As governments and terrorists realized the power of the media, they began to utilize it to defend their agendas. Despite the lack of proof, the US predicted in 2002-03 that Saddam Hussein possessed WMD and could use them in 45 minutes. The UK JIC released their intelligence assessment on this topic in a coordinated fashion, which was quite hazy and did not imply that Iraq had WMD at the time.
However, this was an experiment in projecting a viewpoint to shift people’s perceptions worldwide to legitimize the US and its allies’ activities in Iraq. The goal was to gain control of the region’s oil. One of the essential uses of communication channels for projecting a predetermined goal was this. Terrorists have also begun exploiting the Internet of Things to spread violent ideas.
Following the 9/11 attacks, operations against the Taliban began at this time. The “War on Terror” narrative was used to justify actions in Afghanistan and Iraq, to eliminate the danger posed by Islamic fundamentalist militants. It didn’t matter that the US had been helping Islamic extremists in that region, via Pakistan, in their fight against the USSR. China developed the Three Warfares theory at the end of the twentieth century to bolster its claims over neighbouring regions while criticizing the United States and its allies. Psychological warfare, media warfare, and lawfare were among them.
It was able to manufacture artificial islands and weaponize them using these. Despite all past agreements, it continues to strive to modify the LAC to its benefit. The Sino-Pak axis is harming India’s interests. They make unusual bedfellows—one is a communist, while the other is an Islamic fundamentalist—but national concerns may bring the ideologically opposed nations together. Al Qaeda has joined Pakistan and is threatening strikes on India, demonstrating the Pakistani establishment’s continued link.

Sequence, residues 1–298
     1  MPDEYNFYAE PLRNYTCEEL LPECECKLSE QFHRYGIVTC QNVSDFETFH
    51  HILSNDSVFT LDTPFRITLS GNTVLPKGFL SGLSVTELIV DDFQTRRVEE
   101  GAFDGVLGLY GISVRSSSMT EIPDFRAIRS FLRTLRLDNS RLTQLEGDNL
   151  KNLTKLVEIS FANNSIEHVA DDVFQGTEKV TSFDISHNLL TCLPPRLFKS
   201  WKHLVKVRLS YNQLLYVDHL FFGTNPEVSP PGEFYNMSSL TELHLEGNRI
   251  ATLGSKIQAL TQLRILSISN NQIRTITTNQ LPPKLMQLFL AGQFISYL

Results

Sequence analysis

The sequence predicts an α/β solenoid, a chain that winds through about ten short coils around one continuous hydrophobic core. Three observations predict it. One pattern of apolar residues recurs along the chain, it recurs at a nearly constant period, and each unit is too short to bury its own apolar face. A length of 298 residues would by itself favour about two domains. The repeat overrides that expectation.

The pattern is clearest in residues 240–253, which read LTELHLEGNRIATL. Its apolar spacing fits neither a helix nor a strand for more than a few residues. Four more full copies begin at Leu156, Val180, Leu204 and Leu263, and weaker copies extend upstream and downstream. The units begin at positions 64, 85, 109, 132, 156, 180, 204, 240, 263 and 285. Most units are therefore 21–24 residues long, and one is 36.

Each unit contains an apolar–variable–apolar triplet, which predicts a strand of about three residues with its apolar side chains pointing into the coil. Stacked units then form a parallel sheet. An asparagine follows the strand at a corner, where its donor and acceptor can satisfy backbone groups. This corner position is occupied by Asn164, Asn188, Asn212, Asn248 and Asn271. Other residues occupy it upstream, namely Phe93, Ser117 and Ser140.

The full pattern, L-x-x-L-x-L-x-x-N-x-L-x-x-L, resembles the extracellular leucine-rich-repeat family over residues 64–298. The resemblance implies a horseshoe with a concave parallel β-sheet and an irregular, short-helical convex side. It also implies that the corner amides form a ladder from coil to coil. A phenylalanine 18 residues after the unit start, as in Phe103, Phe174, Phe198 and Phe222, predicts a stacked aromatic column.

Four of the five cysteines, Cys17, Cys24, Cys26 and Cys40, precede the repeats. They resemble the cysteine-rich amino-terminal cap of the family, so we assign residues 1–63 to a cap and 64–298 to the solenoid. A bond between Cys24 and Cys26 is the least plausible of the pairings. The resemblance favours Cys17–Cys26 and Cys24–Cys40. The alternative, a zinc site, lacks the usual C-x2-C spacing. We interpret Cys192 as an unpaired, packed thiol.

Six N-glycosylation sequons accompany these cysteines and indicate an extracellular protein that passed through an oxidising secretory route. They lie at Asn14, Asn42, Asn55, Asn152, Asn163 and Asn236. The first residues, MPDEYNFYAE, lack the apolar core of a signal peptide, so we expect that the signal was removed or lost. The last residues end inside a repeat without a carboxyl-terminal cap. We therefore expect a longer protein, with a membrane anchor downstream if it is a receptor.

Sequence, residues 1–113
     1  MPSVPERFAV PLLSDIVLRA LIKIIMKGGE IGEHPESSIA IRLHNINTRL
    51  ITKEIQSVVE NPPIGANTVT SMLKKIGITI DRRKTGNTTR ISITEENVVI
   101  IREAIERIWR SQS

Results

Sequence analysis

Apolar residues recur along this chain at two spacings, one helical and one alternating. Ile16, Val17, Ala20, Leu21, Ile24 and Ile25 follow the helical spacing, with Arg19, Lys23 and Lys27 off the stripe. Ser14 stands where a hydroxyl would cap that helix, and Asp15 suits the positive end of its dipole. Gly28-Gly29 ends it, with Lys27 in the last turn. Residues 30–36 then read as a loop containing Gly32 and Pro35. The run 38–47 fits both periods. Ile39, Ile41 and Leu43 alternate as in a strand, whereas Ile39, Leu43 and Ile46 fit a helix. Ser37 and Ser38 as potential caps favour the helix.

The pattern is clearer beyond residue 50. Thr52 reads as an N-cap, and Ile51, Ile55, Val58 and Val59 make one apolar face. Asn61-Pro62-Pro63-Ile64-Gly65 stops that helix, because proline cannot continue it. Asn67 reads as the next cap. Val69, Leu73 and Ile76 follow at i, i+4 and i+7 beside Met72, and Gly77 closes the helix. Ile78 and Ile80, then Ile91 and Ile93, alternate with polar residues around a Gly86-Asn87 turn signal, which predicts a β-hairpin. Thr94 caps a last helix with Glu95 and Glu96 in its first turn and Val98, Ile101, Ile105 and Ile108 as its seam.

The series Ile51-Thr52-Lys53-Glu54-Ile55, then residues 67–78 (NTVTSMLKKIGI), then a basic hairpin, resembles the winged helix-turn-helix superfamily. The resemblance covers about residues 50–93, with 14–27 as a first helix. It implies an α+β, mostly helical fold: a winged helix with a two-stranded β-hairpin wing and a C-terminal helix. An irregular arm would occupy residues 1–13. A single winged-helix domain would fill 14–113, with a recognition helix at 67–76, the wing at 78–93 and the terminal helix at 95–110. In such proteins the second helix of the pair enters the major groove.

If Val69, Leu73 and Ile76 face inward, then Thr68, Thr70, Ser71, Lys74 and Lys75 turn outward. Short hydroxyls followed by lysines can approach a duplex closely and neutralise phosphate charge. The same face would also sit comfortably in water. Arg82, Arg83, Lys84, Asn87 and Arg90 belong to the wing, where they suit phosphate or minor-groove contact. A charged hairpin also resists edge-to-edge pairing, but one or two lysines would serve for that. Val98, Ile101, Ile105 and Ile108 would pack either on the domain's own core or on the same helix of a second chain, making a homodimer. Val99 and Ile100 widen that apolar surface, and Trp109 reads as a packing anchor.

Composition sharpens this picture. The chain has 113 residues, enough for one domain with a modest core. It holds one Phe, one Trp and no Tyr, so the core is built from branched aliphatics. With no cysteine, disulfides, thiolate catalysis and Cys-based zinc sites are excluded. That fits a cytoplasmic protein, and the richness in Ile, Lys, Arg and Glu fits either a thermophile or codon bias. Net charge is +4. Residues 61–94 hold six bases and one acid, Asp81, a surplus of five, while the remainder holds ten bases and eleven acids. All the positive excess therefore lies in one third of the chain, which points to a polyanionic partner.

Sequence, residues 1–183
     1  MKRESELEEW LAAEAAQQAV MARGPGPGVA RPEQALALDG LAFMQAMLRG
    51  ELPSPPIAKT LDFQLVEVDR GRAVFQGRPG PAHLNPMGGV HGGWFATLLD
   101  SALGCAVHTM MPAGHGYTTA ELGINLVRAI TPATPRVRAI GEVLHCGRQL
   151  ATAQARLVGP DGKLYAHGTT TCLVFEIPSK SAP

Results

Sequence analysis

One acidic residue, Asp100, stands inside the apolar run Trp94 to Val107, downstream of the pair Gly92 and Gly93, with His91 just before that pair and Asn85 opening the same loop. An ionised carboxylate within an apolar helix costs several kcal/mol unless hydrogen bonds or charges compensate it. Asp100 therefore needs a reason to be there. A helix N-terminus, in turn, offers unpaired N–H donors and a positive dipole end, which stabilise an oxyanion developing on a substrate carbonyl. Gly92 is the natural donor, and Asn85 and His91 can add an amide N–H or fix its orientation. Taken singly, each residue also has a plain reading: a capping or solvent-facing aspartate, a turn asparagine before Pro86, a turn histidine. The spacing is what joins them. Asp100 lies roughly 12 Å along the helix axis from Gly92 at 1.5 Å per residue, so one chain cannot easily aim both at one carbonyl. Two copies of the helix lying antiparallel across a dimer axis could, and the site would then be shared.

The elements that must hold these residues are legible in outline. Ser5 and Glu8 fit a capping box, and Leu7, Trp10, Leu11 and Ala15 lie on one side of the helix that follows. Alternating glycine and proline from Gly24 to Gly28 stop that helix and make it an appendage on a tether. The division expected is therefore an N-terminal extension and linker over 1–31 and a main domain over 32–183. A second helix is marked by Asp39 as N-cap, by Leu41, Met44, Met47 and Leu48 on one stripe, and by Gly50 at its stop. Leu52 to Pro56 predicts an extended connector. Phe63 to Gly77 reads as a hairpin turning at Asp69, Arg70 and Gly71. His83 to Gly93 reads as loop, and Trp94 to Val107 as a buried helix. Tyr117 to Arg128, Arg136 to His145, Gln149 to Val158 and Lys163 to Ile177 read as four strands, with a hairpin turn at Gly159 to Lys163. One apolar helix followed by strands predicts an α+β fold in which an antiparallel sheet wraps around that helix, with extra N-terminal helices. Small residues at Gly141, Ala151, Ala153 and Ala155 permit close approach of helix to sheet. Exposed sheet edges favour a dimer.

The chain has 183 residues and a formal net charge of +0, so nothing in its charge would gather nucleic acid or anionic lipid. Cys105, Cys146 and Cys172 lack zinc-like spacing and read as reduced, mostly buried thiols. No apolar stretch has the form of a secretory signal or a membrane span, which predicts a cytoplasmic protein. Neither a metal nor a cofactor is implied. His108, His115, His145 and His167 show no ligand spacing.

Their united endeavour to target India’s civic society is far more dangerous. Pakistan is unconcerned with Uyghur oppression; instead, it uses disinformation to promote anti-Indian policies. The influence operations, based on well-devised strategies derived from big data, are intended to sway public opinion against the present government.
Terrorist groups based in Pakistan have attacked India, radicalizing young people in India, notably in J&K. This is presently happening in India, where a campaign of terror is being waged against Hindus.
This is part of a well-coordinated strategy, including Pakistan and other nations who see India’s ascent as a threat to their interests. Those countries watched with bated breath as several West Asian countries developed tight ties with them. Along with this, India’s ascent, as evidenced in Quad meetings, India’s hard stance on the Ukraine-Russia issue, and the expansion of links with South East Asian states, can only cause the established powers to be concerned about losing their grip on international systems.
The main issue is that in today’s media climate, opponents have gained the ability to utilize domestic populations to oppose government policies, even when they are correct, by generating a negative perception. This necessitates citizen participation in well-informed policy debates. Experts should be involved in gently portraying the errors in opponents’ ideas, particularly in well-informed discussions and articles.
Our enemies have well-oiled and controlled media sources like Global Times and numerous other research publications to convey their point of view. Hate speech and heated debates on electronic media or social media platforms must be put to an end. The government may begin talks with the opposition, which is reeling from a loss of authority and is readily playing into rivals’ hands.
Edited by Prakriti Arora